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Mexico, EU Move Ahead with Free-Trade Pact, Trump Threatens NAFTA

The protectionist stance that the U.S. has adopted under the current administration is having wide reaching effects across the globe—the chief result seems to be galvanizing other countries to pull together.

The latest example of this is the Mexico-EU trade deal, which was announced on Saturday. The new trade arrangement updates a decades old pact, which primarily focused on industrial products. The new agreement will allow almost all goods to flow duty-free across borders, abolishing duties of up to 30 percent in some cases, according to the official press release.

It will also speed up customs procedures, lay down comprehensive sustainability standards and outline intellectual property protections. Further, both companies will be able to bid for government contracts in each other’s countries.

For the EU, this new deal, along with a slate of others signed recently, allows it to make up for trade alliance discussions that have been basically abandoned by at the Trump team. For Mexico, working with the EU is seen as a way for that country to shore up new alliances as protracted talks keep the fate of the North American Free Trade Agreement up in the air.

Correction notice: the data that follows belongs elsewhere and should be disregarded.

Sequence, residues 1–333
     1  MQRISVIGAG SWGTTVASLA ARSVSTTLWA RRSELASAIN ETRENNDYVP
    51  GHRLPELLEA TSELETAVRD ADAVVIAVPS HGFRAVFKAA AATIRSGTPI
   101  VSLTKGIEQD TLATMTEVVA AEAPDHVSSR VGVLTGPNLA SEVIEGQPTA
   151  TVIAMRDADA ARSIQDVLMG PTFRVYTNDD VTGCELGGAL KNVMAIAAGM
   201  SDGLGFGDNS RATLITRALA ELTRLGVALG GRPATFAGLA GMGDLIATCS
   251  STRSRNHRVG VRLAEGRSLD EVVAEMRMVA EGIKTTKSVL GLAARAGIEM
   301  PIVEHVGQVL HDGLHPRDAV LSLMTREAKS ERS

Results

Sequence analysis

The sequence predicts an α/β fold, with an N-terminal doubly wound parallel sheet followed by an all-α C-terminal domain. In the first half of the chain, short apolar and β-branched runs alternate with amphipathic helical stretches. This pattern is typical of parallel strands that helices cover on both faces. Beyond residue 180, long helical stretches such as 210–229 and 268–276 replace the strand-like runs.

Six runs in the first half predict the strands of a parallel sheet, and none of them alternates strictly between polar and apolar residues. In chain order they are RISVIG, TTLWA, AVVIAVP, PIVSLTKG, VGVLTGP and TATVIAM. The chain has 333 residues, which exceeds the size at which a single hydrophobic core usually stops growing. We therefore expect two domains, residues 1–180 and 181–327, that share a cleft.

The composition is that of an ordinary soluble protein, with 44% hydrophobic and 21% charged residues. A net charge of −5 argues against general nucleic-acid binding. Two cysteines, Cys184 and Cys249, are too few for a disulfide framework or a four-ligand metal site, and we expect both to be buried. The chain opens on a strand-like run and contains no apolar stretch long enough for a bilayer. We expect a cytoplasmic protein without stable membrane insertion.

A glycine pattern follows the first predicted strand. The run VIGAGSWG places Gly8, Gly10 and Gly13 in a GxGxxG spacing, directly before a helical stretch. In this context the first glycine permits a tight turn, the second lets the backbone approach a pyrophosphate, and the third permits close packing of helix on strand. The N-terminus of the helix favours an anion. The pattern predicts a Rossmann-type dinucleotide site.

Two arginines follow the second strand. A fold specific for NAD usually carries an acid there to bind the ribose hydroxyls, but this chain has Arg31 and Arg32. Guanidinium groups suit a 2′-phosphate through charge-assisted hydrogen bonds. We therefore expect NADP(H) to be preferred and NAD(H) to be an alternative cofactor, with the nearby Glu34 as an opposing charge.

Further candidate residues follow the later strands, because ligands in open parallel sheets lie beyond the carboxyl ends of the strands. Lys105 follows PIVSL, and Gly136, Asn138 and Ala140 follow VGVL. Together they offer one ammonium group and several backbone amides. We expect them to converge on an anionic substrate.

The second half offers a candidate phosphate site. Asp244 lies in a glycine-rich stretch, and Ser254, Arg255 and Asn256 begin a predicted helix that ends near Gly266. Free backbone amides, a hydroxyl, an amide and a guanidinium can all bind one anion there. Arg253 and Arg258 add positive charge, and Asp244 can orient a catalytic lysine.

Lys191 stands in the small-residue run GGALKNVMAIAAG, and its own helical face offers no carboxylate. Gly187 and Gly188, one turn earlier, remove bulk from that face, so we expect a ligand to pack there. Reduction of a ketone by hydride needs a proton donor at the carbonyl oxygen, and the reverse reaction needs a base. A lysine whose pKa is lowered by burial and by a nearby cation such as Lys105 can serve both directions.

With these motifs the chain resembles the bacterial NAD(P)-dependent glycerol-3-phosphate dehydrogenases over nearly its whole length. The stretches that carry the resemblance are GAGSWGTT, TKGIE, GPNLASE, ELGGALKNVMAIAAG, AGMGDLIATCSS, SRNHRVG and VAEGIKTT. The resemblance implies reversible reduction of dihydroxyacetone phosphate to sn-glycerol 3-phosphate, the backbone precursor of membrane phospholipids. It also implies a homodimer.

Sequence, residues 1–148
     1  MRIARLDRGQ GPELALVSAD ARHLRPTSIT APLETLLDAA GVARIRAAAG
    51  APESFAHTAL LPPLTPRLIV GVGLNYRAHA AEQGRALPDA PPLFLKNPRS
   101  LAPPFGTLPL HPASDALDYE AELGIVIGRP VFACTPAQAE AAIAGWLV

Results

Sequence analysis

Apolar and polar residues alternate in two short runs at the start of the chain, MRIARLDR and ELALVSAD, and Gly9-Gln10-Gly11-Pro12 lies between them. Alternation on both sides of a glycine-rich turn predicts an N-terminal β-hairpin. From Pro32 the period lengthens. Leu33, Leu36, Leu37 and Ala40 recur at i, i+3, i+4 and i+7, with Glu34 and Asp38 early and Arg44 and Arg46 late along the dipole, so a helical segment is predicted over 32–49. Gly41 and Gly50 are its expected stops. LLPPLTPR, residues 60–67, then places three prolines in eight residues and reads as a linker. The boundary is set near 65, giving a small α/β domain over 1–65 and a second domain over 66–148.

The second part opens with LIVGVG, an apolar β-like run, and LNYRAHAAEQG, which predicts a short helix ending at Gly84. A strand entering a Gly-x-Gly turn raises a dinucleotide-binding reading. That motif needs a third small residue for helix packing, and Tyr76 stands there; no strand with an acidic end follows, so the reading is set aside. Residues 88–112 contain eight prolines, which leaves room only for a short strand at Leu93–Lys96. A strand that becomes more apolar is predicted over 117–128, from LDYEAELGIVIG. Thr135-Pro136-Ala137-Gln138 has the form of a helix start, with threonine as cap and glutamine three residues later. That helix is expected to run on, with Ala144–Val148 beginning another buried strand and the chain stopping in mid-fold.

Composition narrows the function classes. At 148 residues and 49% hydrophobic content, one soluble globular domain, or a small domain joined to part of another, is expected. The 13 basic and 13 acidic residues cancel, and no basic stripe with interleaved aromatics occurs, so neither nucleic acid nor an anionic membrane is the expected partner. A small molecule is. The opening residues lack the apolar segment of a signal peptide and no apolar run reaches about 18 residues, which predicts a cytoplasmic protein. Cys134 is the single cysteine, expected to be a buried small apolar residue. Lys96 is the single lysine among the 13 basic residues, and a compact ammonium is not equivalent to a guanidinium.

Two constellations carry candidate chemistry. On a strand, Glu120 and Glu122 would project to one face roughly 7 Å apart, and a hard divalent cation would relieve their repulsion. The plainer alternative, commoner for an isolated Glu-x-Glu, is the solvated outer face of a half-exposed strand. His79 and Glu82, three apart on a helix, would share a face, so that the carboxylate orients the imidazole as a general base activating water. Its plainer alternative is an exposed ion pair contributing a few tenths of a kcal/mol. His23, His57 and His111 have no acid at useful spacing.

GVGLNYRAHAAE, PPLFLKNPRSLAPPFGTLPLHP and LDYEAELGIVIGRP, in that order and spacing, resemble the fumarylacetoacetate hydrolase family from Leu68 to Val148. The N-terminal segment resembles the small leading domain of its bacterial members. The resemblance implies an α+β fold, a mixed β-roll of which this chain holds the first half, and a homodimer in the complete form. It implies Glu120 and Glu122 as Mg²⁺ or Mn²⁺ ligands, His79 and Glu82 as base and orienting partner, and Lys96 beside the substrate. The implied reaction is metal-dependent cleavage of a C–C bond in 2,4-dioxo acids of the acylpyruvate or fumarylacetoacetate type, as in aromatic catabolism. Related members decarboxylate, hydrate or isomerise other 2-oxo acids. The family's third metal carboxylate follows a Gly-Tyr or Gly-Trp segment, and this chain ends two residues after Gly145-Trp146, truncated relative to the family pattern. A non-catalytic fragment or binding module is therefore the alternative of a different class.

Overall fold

“With this agreement, Mexico joins Canada, Japan and Singapore in the growing list of partners willing to work with the EU in defending open, fair and rules-based trade,” European Commission President Jean-Claude Juncker is quoted as saying in Reuters.

While these two countries draw closer, Trump toys with adding more stipulations to NAFTA. On Monday, the president said via Twitter, “Mexico, whose laws on immigration are very tough, must stop people from going through Mexico and into the U.S. We may make this a condition of the new NAFTA Agreement. Our Country cannot accept what is happening!” He added, “Also, we must get Wall funding fast.”

The tweet is Trump’s latest on NAFTA, which all sides had hoped to put to rest in 2017. The new goal is reportedly July 1 ahead of Mexico’s presidential election. Officials for all three NAFTA nations are scheduled to meet again on Tuesday.

In the meantime, Mexico’s Secretary of Foreign Affairs Luis Videgaray Caso responded on Twitter, saying, “Mexico decides its immigration policy in a sovereign manner, and the migration cooperation with the US takes place in such a way that Mexico agrees. It would be unacceptable to condition the renegotiation of NAFTA to migratory actions outside this framework of cooperation.”